HARRY LEONARD lines up for Edinburgh Rugby against Newport Gwent Dragons at Murrayfield tonight determined to carry on where he left off in Scottish under-20 colours.
Having been part of Edinburgh’s team which came from 24 points down to defeat Racing Metro in this season’s European Cup, 19-year-old Leonard already knew there was no such thing as a lost cause.
However, even that comeback was challenged by the way the Scotland under-20s he captained conjured up two tries – one by Leonard himself – in the final few minutes to overhaul Italian counterparts last weekend.
“I guess it was all about never-say-die attitude and I bring that back to the Edinburgh cause,” said Leonard, adding: “I’ve learned that you keep going until the end and you never know what will happen.
“It was a great game. They ran out of steam after 60 or 70 minutes and to come back from two tries down was pretty pleasing.
“I don’t think I have been in a game where my team have been that down and out and yet come back – especially away.”
According to Leonard the captaincy honour bestowed on him at age-group level can contribute to an even more assured performance with Edinburgh.
“Whether or not you are captain at stand off you have to have good leadership qualities because you are inevitably the playmaker and have to boss people around.
“It is hard with older players and Scotland players around sometimes and it is tough telling them what to do. But I think they expect that of you.
“So far as being captain of the under-20s is concerned hopefully that has improved my game management.”
A starting role with Edinburgh and national age-group captaincy has enabled former Sussex County Schools footballer Leonard to build on a summer in New Zealand under the Macphail Scholarship scheme.
Stressing how that had prepared him for pro action he says: “I learned game management skills as well as technical pieces from some very good coaches out there.
“I’m much further ahead in my career than I thought I’d be – but look at Matt Scott.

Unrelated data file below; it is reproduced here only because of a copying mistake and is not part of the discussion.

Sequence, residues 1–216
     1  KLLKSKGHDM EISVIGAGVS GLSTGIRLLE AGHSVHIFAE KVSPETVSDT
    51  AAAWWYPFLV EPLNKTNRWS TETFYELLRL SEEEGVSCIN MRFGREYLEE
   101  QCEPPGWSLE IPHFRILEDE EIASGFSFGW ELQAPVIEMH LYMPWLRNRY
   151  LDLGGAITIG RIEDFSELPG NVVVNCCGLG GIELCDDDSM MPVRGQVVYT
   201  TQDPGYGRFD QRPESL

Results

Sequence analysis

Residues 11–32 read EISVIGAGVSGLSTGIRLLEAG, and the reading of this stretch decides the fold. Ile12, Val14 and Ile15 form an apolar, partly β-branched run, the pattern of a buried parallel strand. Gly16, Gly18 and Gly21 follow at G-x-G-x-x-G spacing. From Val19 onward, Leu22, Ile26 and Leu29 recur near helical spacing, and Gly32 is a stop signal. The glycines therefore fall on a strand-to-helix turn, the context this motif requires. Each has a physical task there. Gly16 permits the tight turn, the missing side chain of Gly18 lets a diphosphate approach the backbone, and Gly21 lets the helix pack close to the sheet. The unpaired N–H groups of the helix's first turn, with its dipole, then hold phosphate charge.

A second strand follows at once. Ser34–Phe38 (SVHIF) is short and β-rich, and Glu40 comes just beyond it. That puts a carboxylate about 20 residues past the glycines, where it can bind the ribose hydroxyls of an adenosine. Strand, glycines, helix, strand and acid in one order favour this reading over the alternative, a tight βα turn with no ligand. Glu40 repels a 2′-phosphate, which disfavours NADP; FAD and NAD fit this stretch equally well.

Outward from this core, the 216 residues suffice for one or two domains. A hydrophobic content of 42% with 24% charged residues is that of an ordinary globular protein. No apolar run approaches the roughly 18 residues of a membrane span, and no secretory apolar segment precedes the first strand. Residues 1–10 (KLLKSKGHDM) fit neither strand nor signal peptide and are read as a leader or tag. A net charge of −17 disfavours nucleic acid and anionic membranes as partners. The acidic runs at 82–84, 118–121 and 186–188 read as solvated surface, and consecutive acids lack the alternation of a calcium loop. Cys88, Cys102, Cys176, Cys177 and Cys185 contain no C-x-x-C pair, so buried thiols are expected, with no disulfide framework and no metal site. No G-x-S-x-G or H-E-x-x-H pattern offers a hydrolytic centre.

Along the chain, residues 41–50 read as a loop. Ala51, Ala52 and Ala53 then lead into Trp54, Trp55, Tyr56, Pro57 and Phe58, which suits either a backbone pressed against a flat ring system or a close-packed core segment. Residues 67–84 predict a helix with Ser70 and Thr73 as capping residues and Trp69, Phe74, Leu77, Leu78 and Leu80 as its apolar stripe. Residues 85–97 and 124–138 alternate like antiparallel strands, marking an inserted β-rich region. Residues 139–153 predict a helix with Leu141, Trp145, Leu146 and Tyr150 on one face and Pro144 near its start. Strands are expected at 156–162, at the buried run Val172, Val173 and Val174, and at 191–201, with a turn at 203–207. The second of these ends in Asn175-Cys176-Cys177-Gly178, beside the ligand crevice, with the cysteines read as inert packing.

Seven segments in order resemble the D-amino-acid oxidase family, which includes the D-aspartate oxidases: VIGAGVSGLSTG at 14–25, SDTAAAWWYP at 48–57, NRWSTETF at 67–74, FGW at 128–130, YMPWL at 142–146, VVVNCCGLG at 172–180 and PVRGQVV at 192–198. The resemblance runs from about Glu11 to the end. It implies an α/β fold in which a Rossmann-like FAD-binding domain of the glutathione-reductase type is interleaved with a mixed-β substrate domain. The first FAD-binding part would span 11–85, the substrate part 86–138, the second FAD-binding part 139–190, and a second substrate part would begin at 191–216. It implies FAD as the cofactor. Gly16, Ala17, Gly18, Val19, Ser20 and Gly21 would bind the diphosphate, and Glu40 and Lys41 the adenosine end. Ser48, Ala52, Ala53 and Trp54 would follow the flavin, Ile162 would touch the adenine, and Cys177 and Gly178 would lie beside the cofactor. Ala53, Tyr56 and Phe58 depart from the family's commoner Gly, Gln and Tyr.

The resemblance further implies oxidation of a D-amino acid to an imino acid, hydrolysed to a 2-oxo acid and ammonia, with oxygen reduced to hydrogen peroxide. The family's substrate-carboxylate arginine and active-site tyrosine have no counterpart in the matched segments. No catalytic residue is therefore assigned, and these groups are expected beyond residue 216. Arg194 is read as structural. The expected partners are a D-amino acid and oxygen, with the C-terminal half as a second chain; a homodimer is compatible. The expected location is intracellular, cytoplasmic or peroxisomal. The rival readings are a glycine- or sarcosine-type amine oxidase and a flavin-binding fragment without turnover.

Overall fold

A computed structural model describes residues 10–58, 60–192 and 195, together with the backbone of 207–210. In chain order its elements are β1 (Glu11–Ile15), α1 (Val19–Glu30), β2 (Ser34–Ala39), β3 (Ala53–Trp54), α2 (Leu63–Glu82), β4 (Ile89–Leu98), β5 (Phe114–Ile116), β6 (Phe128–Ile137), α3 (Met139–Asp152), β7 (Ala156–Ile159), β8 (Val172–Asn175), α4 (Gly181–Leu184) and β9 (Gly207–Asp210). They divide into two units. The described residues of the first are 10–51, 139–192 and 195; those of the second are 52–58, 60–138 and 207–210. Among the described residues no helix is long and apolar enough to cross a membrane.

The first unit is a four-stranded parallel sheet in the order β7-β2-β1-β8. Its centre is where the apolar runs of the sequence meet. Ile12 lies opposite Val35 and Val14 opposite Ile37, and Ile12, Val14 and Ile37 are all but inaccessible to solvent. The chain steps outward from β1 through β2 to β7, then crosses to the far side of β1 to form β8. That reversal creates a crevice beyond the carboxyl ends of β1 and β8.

“It was surreal to see someone like Matt who sits alongside us in the national academy changing room running out to play for Scotland against Ireland – and hugely encouraging for the rest of us.”
In fact, Scott has the distinction tonight of being one of only three Scotland internationalists in the home line-up and, without looking too far ahead, coach Michael Bradley has challenged each player to boost claims for a place in the forthcoming Euro quarter final with Toulouse.
“It is an opportunity to be in the frame for the biggest match in a decade as well as starting a good run to the end of the season,” says Bradley, adding: “We are conscious of the Toulouse game [on April 7], but also very aware we have been on wrong side of results.”
On the emergence of Matt Scott as a capped player, the coach said: “Matt Scott has had an amazing year for a lad who is just starting his pro career and finishing a law degree. Hopefully he can concentrate on the finer details of playing the game and keep improving.
“It strengthens the link and necessity of clubs operating at a high level and doing their job in terms of producing these players. It is a good message all round.”
Alongside Scott will be 21-year-old fellow centre Dougie Fife and, remarkably, the pair also started Currie’s opening premiership match against Gala last August.
Fife had to wait longer for an opportunity, but took it with both hands by scoring a try and earning man-of-the-match honours against Ospreys a few weeks ago.
This will be his second start, and he says: “I still have a year on my academy contract and I want to add to that as well as push for a first European outing in the future.”
Meanwhile, Edinburgh have a chance to move up one place in the table, but will have to overcome a Dragons side reinforced by lock Luke Charteris returning from Wales’ Six Nations grand slam.